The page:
Many of us (hopefully most of us!) in this part of the world have successfully incorporated sustainable, eco-friendly practices into our daily living. We recycle, we bring our own shopping bags to the stores, we buy electric or hybrid vehicles or vehicles that get great fuel mileage, we buy ethically sourced products and so on. So, it only stands to reason that we would also consider the impact we make when it comes to death and funeral-related practices. Bury or cremate? Funeral procession with multiple cars or not? Biodegradable urn or metal urn? Slowly, slowly those of us on the industry side of death and dying are starting to educate ourselves about greener options and passing that education on to our clients.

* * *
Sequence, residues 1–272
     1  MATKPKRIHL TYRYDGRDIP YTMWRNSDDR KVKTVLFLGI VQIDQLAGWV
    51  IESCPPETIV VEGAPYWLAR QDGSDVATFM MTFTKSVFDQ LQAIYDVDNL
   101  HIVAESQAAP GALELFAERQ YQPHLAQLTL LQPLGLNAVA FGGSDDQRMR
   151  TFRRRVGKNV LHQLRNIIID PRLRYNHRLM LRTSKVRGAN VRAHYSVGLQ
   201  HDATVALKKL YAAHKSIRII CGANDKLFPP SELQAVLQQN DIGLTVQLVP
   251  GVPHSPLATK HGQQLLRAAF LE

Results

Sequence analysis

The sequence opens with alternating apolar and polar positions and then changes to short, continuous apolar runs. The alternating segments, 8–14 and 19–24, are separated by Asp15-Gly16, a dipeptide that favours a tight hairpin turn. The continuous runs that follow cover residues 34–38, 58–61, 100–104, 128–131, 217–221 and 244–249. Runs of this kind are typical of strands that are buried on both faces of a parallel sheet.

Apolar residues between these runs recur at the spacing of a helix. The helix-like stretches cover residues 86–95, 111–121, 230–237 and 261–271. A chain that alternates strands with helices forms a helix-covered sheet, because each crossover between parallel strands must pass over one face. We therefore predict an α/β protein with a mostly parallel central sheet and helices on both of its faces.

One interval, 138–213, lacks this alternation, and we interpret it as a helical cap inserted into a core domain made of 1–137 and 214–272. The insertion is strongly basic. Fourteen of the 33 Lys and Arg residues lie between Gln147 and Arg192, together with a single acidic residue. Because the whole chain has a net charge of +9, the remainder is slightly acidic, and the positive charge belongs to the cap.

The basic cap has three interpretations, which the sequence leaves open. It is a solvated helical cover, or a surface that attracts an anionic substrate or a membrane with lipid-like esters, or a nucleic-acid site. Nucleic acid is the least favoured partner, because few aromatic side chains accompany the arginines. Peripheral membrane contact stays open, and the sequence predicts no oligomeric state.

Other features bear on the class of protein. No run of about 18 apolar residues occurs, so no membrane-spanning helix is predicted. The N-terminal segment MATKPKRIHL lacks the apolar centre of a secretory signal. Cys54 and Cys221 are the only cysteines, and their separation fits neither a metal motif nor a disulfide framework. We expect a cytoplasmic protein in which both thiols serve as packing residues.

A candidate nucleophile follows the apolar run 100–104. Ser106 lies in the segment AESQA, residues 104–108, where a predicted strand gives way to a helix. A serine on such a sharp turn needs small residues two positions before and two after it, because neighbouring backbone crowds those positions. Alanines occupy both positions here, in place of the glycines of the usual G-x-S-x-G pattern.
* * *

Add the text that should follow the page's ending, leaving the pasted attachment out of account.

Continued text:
Recently, the Vancouver Sun published an entire piece about reusing a family grave over multiple generations at Mt. View Cemetery, a prime example of how to incorporate an eco-friendly practice into our death rituals and choices. My hope is that, through wishes expressed by and pressure applied by the public, the local death and dying industry and local and provincial governments will start to see the value of “greening up” funeral-based options and make some needed changes.
To read the article in the Vancouver Sun, click here.
To read about more ways to “green up “your funeral practices you can visit our “Burial” information page on the KORU website by clicking here.
To learn more about the Green Burial Society of Canada, click here.